After four weeks, I am ready to come clean with my current views on breastfeeding.
Dudes, breastfeeding is really intimidating.
I am really hoping that I don't scare off the moms-to-be reading this, because after all, millions of mothers worldwide breastfeed successfully. But I find it scary as hell.
Take a look at the list of things that can go wrong with breastfeeding:
Bleb (I had one of these last weekend, holy hell did it hurt)
Cracked or Sore or Bleeding Nipples
Slightly intimidating, wouldn't you say? Whereas, the problems with formula feeding are as follows:
*While breastmilk is always there and always the right temperature, the flip side is that Dad or Grandma can give a bottle while I have a damn rest (or get a massage, or whatever), so the convenience issue is kind of a tie.
Now, before you all jump in to tell me the benefits of breastfeeding, don't worry: I know. But ultimately, most of those benefits are for the child. And most of the sacrifices made for those benefits are made by me. And while I'm not completely ready to throw in the towel just yet, I am needing a bit more encouragement, assistance, and motivation than I expected, because I am finding breastfeeding to be a lot more difficult than I thought I would.
Let me count the ways:
Day 1-3: painful bleeding nipples due to bad latch, lack of milk
Day 3-4: milk comes in, I get norovirus
Day 4-6: Gwen gets norovirus, loses interest in nursing, my supply dwindles
Day 7: Gwen losing weight, scheduled feedings imposed
Day 8: Taking herbs to increase milk supply; constant tears (mine) because of feeling inadequate
Day 9: Gwen still losing weight, started domperidone and Supplemental Nursing System (formula)
Day 10: Difficulty latching on left side (unsure when this started, but I remember remarking on it as far back as Day 10)
Day 11-24: Gwen slowly gaining weight
Day 15: Left side increasingly sore
Day 22: Left side intolerably painful; bleb appears; trip to emergency room discussed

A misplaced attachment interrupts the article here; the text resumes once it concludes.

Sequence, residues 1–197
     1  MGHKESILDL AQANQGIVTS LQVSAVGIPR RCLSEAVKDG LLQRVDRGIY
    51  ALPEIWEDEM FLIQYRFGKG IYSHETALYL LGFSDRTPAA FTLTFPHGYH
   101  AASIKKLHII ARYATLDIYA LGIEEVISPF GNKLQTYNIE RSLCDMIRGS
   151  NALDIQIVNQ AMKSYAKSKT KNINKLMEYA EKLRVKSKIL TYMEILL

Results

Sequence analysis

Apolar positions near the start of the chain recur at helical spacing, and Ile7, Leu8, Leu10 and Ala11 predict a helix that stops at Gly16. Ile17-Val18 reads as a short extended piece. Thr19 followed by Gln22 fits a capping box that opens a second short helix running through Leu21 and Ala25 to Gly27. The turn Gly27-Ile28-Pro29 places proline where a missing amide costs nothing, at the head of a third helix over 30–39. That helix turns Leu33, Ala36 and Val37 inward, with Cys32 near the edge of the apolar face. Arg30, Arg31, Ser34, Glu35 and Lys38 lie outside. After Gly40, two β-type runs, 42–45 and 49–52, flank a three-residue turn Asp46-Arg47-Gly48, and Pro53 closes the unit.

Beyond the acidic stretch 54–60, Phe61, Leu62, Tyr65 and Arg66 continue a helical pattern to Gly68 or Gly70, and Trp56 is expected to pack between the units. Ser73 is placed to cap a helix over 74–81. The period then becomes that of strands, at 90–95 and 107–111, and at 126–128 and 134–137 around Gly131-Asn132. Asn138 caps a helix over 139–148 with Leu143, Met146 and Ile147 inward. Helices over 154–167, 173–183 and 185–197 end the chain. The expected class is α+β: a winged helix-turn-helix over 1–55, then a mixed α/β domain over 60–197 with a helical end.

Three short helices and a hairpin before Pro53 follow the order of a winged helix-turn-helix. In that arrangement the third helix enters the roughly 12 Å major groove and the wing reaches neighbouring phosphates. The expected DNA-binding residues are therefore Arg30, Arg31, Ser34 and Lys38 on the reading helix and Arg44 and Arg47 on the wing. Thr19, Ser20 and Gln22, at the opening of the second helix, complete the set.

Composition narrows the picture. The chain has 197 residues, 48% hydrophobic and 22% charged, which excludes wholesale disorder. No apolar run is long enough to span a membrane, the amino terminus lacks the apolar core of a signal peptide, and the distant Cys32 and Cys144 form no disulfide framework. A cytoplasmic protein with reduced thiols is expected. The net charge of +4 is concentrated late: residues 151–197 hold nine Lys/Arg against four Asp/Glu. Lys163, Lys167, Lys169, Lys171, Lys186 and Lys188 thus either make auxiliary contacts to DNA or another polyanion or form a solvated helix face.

Day 24: Bleb resolves with help of warm compresses
Day 28: Gwen pronounced healthy and no longer in need of SNS
Day 29: Gwen 'bites' hard on left side, causing pain lasting 2-3 hours after nursing
Day 30: Left side still too tender to nurse
Looking at this synopsis, it's easy to feel hard done by. While our caregiver looks at Gwen's weight from the outside and declares her healthy, I look at the situation from the inside and feel nearly insane at the thought of doing this for another eleven months. Exactly when is it supposed to get easier? When am I supposed to get this warm rosy glow of love and bonding and mutual appreciation?
I know sleep deprivation is a factor in how I'm feeling right now, as is frustration and lack of quality time with my husband. And I do feel guilty for complaining about it, because I imagine the Great Wide Internet looking at me with raised eyebrows and saying, "Did you really think it was going to be easy?" No, no I didn't. I knew the first three months would suck. But I didn't expect breastfeeding to be as difficult and downright painful as it is, especially a month into it. And when my mom looks at me - my mom, who breastfed both my sister and I in an era when it really was not as supported as it is now - and says, "Well, breastfeeding's not for everybody," I am torn up inside, because part of me wants to be stubborn and determined and do everything to give Gwen the best I can offer, and part of me wants to latch on to this sentiment like a "get off the hook free" card and quit right now.
I think about what life would be like with Gwen on formula - a life where Chris could take the late night feedings (10pm and midnight) and I could take the early ones (3am and 6am) so we could each get a decent rest. A life where Grandma Karen, who has been begging since Day 1 to have some time alone with Gwen, could have just that as I went out for a massage or a manicure or just stayed home and had a bubble bath**. I fantasize about it the way I fantasized about getting an epidural when I was in labour. But like the epidural, I know I can't really do it. Not yet.
I have two things left to do. On Monday, I'm going to call the Health Unit and go to their Breastfeeding Help Centre. I'm going to ask them about a lactation consultant, as well, in case I need more help (or, as seems to often be the case, I need help on the evenings or weekends).
And then, I'm going to resort to my old standby of motivating myself with money. If formula costs $75-$200 a month, my pain and suffering is saving our family that much money. Furthermore, if we found out that breastfeeding was actually impossible and we had to buy formula, we'd find the money somehow. Therefore, I figure I should be entitled to a breastfeeding allowance of at least half the formula cost ($35-$100/month) just for me, for fun frivolous stuff, something to focus on when it feels like an angry rat is chewing on my tender nipples.
**This life would also be possible if I could pump enough milk to get a couple feedings' worth per day. I've tried pumping exactly twice: the first time I got three drops, the second time I got nothing. But I'm going to keep trying.